Nigerian politicians are now using this cliché as a campaign strategy. During campaigns youths’ hope of becoming future leaders are reawaken by deceptive politicians; just to gain their votes. Immediately after elections, youths are abandoned and their stooges are used in place of general youths. This is our untenable plight in Nigeria.
I am self-assured that Nigeria is indirectly practising gerontocracy in place of democracy. This is more so because older men are the ones steering government machineries. As a youth, contesting for any political position is perceived as a felony, in fact, it is the same as using your own digger to dig your grave.
However, a future leader who is not groomed, nurtured and trained for the task ahead, tend to become a future destroyer. A disciplined, focused, and law-abiding youth can create a bright future for any nation. Conversely, a lawless, indulgent, ill-nurtured and violent youth is a great threat to a nation’s peace and security. So, since we are being disdained by our current leaders, they are directly and indirectly training future terrorists and saboteurs. Similarly, they are making Nigeria a hopeless country in the near future.
History has it that, Gen. Yakubu Gawon, who was the third Head of state of Nigeria from 1966-1975, ruled Nigeria at the age of 32 years (African’s youngest Head of State as of then). Although, it was during military administration but we still want this gesture to repeat itself during our modern democracy.
In the similar vein, a 20-year-old Scottish student, Mhairi Black, emerged as the youngest British lawmaker, in the just concluded United Kingdom general election, held on 7th may, 2015. He ousted the incumbent, Douglas Alexander, by a clear margin of 5,684 votes. Does it mean Nigerian youths can’t produce a lawmaker?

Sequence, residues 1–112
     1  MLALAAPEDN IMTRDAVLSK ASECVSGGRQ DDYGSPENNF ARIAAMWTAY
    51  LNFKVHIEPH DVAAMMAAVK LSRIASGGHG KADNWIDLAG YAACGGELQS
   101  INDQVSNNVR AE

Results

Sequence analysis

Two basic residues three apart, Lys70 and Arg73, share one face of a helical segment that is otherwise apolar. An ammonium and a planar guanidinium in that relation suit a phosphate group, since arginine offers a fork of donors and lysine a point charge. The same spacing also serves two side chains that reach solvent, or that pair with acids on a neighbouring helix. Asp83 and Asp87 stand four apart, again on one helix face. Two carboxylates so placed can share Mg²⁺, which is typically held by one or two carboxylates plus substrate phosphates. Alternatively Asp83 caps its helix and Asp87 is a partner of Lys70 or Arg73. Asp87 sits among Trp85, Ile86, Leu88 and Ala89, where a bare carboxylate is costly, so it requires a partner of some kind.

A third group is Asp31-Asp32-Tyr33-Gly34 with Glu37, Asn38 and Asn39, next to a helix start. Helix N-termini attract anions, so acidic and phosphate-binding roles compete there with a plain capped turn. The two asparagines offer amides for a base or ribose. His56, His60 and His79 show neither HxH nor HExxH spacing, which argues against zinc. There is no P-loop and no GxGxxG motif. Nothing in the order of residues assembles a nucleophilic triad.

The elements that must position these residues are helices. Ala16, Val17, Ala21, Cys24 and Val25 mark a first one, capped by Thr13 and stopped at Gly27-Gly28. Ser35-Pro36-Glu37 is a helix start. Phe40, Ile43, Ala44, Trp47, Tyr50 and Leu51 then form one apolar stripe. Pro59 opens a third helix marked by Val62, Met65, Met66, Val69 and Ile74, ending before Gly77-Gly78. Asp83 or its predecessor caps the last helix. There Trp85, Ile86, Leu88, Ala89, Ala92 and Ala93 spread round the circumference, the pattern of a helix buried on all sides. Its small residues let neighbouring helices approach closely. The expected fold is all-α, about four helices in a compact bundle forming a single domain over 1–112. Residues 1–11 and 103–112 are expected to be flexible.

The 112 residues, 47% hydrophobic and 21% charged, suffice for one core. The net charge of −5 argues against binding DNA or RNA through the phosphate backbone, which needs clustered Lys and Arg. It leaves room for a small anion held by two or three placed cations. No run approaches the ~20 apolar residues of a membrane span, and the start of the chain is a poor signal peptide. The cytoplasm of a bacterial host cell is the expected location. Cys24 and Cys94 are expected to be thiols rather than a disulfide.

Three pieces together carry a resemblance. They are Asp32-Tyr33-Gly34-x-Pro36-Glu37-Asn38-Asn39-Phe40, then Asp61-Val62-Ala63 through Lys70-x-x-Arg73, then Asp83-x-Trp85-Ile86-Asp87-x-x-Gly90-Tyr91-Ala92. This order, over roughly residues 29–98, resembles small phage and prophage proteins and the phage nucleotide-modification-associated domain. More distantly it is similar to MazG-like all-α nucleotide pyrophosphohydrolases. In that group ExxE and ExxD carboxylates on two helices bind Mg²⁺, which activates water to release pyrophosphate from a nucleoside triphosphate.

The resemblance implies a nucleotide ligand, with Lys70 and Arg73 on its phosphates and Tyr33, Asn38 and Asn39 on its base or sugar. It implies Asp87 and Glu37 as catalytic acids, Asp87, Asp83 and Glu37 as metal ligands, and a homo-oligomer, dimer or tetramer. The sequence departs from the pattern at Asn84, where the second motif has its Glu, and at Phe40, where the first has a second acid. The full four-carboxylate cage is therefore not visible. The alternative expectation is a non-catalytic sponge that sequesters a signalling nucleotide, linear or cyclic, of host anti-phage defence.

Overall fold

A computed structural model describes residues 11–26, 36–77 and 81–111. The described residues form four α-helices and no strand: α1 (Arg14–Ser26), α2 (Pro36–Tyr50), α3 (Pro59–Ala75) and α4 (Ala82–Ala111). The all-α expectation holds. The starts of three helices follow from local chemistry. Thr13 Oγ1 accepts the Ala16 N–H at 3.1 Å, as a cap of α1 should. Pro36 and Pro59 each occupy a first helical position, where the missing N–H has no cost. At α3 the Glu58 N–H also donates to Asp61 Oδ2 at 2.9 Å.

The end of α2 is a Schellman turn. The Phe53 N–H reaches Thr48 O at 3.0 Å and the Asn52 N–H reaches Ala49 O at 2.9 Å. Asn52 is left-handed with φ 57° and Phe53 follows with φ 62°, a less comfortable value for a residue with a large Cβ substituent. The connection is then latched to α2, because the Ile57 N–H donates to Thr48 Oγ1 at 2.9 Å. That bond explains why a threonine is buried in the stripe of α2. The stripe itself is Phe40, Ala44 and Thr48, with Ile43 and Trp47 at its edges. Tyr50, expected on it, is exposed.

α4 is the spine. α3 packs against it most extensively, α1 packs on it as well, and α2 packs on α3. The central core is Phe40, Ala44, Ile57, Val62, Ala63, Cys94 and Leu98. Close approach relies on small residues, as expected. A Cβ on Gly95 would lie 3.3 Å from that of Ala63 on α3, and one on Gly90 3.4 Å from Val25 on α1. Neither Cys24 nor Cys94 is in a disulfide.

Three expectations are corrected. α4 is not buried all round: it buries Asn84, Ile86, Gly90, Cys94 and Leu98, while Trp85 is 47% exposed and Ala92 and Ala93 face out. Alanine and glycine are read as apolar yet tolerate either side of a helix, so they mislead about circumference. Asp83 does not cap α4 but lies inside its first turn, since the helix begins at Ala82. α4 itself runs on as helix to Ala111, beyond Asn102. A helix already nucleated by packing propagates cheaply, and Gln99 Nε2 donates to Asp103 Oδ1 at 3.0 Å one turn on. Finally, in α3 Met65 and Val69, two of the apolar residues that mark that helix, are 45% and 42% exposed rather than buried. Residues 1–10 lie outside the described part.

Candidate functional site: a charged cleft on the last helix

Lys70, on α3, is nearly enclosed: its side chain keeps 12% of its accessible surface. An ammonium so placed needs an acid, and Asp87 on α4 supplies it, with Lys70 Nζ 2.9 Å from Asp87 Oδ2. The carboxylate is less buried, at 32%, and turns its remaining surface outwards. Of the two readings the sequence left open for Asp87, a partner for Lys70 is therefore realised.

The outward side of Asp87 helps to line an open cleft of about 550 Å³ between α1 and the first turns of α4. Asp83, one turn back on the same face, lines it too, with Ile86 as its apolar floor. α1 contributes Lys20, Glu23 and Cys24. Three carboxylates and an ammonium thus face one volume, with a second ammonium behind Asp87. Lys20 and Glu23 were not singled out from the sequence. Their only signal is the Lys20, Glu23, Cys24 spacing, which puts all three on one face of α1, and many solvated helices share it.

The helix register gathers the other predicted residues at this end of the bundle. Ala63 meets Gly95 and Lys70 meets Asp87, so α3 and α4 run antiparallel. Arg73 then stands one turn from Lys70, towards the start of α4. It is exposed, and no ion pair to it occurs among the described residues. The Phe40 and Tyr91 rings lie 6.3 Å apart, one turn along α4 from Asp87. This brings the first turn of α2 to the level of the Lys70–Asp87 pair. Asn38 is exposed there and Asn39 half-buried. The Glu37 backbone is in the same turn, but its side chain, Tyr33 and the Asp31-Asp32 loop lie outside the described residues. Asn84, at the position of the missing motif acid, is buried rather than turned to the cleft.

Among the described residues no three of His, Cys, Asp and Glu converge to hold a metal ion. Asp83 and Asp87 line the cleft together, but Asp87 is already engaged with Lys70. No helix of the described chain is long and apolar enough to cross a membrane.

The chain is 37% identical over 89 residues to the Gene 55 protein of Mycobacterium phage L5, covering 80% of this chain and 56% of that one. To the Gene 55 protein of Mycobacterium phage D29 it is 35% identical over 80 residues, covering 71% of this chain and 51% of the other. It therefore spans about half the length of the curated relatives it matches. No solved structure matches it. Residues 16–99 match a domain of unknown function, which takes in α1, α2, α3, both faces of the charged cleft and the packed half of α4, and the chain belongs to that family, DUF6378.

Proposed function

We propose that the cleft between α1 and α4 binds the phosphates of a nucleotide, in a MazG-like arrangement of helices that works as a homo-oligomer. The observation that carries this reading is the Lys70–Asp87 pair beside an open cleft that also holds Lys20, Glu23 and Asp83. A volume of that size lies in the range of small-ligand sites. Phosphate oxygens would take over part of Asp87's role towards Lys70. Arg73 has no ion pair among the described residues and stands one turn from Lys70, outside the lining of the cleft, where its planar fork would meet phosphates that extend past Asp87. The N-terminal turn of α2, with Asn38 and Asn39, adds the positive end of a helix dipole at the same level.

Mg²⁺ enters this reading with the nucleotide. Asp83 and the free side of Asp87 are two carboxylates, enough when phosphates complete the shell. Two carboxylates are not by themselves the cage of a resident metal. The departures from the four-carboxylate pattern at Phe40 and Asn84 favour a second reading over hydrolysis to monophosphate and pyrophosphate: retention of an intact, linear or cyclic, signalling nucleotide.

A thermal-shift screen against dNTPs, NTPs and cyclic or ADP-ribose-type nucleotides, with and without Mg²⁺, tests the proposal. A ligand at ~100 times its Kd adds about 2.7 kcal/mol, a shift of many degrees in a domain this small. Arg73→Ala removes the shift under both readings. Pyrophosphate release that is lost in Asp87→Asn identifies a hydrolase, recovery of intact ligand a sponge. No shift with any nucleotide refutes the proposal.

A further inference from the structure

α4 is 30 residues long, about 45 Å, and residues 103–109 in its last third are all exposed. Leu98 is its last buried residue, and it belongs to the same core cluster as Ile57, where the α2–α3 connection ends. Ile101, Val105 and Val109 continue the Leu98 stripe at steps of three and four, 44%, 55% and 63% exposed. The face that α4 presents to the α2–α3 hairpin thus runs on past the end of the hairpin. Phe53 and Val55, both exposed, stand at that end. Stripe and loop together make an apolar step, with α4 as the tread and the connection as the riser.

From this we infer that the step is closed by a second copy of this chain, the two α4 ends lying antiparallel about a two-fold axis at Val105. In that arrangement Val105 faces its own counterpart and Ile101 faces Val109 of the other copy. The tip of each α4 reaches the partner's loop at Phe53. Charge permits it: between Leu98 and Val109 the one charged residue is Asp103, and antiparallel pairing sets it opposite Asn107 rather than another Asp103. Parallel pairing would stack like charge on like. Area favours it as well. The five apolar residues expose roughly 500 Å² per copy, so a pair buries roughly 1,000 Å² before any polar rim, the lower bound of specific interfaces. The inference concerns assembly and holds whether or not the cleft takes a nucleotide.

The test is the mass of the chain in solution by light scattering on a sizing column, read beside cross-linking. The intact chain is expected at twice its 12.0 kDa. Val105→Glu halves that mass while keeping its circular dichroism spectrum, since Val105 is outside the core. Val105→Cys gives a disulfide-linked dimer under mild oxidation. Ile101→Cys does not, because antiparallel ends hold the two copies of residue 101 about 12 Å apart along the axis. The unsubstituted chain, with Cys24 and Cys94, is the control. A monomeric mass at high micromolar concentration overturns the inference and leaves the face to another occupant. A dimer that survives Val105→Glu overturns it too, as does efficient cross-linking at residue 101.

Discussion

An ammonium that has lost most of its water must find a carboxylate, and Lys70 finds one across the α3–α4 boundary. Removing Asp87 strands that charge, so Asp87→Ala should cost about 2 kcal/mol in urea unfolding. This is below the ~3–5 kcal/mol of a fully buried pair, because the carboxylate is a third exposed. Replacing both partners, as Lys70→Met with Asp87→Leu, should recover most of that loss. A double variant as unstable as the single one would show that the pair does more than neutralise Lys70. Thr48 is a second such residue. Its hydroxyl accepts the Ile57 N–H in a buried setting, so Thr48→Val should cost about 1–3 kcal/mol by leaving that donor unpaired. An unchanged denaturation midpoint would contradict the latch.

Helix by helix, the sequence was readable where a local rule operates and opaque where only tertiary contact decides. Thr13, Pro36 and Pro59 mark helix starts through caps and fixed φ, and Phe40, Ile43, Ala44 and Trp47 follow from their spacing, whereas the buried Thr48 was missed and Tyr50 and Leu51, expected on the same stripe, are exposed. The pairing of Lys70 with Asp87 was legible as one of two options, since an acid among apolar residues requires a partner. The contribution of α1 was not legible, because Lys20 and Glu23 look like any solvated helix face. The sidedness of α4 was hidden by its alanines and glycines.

Nigeria’s population is predominately youth. Nigeria has a population of one hundred and forty million people (NPC 2006 provisional results which makes her the most populous nation in Africa). One third of her population is youths between the ages of 18 to 35 years. They constitute about 40 percent of the more than 140 million people of Nigeria. It is therefore a limpid message to Nigerian leaders that the future of Nigeria lies in the hands of the youths. If they are not coached, Nigeria will imminently be addressed as case-study in incompetency social vices. But, if youths are correctly taken care, Nigeria would definitely retain its appellation as giant of Africa, even of the whole world.
As a result of this, our government should explore every available ways to empower youths and nurse their potentials. Youths should form crux of their policies, initiatives and decisions. Predominantly, we should be given chance in government to make our dear nation global realm of attention.
To close the curtain of this discussion, youths are both agents of change and destruction. Youths must therefore be properly incubated so as to silence the spirit of destruction and preserve the future of Nigeria.
*TOR, SHIEKUMA FELIX, firstname.lastname@example.org